Our fears are confirmed

I was hoping I would have good news to report today, but sadly not. Late last night I received a text message from Farid Lacroix saying that he had found found 09’s body on the ridge in southern Morocco and retrieved the satellite transmitter. Mobile signal in the area is very limited and so we will have to wait until Farid returns to Agadir later today for the full story (including the cause of death).

This is really sad news, but it confirms what we had expected. It also demonstrates that even an experienced Osprey like 09 – who has migrated the equivalent of three times round the world in his lifetime – is not immune to the dangers of the 3000 mile flight to West Africa.  Migration is an incredibly demanding time for the birds, whether juveniles or adults, and our satellite-tracking studies are proving that.

The project is very grateful to Farid for his efforts in getting to what is clearly a very remote, inhospitable place. In his text message Farid said, ‘it was very hard to climb this mountain’ and you only have to look at the aerial photo below, to appreciate that. It will be very interesting to see his photos once he is back in Agadir.  As I said in the last update, the response we have had to our appeal for help has been remarkable – a second search team, led by wildlife film-maker Faouzi Lahoucine was due to set out today. Having prepared for the trip, they are still going to go in order to film the area for us. There are few things that have the potential to link communities across the world, like bird migration; and the efforts of people we have never met before, demonstrate that.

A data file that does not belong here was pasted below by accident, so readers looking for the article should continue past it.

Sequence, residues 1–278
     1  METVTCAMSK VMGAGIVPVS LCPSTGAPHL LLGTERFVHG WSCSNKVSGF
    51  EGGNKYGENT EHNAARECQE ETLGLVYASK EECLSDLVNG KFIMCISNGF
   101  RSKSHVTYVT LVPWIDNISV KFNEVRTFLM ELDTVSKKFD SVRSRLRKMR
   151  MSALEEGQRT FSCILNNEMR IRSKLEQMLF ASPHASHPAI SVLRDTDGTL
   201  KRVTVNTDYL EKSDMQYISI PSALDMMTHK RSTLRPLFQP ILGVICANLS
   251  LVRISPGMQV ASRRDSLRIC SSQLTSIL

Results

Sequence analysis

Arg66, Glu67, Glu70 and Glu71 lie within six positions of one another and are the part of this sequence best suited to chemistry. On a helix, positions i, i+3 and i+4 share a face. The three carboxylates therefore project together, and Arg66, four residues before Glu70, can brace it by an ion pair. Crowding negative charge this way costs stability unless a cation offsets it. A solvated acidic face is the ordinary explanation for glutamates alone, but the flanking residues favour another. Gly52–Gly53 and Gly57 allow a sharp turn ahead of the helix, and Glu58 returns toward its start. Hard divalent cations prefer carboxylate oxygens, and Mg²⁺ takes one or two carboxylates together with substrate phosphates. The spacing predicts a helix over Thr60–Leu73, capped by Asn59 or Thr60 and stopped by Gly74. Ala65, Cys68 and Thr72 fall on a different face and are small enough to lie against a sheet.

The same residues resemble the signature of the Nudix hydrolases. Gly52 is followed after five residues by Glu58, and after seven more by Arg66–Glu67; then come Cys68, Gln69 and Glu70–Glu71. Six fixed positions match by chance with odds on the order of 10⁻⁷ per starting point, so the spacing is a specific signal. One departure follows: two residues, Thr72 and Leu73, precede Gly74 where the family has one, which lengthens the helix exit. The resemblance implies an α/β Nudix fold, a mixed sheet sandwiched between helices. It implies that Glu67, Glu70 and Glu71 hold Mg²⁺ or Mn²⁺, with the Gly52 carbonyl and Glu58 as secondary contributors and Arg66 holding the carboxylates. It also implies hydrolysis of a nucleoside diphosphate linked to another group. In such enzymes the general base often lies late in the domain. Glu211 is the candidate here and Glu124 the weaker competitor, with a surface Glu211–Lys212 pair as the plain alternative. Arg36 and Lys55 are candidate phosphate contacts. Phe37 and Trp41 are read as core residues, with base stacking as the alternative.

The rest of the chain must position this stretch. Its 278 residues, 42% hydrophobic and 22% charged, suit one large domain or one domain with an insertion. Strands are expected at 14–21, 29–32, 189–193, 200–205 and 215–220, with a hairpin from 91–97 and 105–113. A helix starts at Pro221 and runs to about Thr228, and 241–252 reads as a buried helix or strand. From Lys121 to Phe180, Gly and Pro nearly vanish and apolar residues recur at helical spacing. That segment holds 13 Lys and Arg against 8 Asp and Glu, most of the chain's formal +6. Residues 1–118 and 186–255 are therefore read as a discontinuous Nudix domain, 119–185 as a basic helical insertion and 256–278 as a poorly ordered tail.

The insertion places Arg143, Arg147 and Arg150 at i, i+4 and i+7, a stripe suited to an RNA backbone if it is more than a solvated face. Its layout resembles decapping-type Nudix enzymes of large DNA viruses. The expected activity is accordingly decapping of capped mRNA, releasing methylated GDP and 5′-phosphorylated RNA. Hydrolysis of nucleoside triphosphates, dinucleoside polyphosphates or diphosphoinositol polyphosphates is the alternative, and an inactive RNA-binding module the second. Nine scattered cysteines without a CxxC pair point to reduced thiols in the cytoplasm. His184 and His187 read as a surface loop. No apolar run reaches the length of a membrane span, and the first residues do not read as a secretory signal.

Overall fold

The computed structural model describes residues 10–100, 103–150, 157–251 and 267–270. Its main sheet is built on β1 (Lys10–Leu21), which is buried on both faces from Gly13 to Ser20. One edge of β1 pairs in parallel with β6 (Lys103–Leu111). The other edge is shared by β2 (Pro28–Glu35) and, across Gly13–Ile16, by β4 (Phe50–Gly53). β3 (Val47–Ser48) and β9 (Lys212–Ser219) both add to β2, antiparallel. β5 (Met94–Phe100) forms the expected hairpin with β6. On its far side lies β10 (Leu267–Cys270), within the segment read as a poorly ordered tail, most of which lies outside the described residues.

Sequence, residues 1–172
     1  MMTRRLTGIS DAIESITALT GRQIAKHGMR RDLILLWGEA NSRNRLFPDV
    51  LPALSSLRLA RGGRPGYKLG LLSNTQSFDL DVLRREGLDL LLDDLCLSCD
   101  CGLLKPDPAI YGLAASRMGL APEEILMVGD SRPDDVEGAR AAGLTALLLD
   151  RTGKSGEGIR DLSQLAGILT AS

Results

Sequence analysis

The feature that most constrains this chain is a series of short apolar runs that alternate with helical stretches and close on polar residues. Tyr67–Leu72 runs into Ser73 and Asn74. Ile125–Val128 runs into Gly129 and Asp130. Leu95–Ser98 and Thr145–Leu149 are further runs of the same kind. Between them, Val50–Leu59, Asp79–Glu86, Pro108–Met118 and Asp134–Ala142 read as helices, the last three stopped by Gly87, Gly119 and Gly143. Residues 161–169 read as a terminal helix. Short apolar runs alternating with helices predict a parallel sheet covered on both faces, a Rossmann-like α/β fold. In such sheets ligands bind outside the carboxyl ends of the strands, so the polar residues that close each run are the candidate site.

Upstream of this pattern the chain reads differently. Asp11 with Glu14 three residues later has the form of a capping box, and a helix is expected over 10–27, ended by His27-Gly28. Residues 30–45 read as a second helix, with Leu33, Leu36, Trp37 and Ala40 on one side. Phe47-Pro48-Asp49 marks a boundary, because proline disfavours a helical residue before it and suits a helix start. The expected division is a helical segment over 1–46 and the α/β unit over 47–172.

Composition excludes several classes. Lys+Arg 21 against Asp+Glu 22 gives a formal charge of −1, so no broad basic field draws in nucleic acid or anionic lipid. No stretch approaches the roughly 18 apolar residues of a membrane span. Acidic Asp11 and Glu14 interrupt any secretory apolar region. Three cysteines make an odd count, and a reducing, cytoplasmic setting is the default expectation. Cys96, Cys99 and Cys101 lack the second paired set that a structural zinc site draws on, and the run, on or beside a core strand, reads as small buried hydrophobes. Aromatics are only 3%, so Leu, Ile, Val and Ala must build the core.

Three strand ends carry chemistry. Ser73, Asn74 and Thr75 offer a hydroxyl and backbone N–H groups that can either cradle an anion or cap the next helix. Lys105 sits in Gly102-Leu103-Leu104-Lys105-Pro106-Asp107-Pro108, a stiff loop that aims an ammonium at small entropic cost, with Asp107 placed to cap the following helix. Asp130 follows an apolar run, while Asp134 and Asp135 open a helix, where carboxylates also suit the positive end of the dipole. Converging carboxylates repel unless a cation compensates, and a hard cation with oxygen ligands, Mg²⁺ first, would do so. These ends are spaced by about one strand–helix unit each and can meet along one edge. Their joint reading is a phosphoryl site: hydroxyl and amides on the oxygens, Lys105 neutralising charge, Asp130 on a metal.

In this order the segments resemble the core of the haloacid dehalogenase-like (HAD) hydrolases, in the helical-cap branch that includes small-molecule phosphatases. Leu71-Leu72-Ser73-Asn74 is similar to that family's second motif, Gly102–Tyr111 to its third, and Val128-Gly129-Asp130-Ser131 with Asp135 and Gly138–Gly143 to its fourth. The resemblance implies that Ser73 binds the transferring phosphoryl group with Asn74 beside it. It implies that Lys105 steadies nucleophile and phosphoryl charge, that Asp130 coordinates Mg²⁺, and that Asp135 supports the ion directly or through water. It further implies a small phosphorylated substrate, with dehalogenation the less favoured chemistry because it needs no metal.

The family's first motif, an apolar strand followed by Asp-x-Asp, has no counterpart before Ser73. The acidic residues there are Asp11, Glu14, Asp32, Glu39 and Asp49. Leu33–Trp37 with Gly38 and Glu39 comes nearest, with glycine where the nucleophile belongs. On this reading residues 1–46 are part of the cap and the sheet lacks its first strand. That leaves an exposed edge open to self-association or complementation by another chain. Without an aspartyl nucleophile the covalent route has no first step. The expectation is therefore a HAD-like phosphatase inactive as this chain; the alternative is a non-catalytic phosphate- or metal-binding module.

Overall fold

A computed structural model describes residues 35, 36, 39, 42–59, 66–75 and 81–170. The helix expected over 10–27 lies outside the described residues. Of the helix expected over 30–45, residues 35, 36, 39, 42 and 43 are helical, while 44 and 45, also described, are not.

An aerial view of the location in southern Morocco where 09 was found

The recent advances in satellite-tracking have made it possible to follow the migrations of Ospreys and other migratory birds in unprecedented detail and in the past year thousands of people, from all over the world, have followed 09 on his remarkable journeys between Rutland and Senegal. Over the years he has become a real favourite at Rutland Water. Having been translocated to the reservoir in 1998, he returned two years later and then spent the next twelve summers attempting to attract a mate. So when he finally reared two chicks for the first time this summer, it was cause for real celebration. Let’s just hope that at least one of those chicks survives the rigours of migration and and makes it back to Rutland in a couple of years’ time.

Farid will be sending more detailed news and some photos once he is back in Agadir and so we’ll be sure to post them on the site as soon as we receive them – hopefully over the weekend.

09(98) and his first-ever family this summer

18 responses to “Our fears are confirmed”

  1. Linda Jones

    Thanks for letting us know, Tim. Sad but expected news. The support we’ve had from friends to find out what happened is amazing. Thank you to them. This shows the uphill struggle to enable Ospreys to thrive and must make us even more determined to do all we can to help them achieve that at Rutland, in other parts of the UK and on their migration routes.

  2. julie

    So sad for 09lets hope is babes are ok

  3. LM

    Such sad news, I am so sorry for you all! A big thank you to Tim, and all who did what they could to find out what happened to 09.

  4. Wendy Cox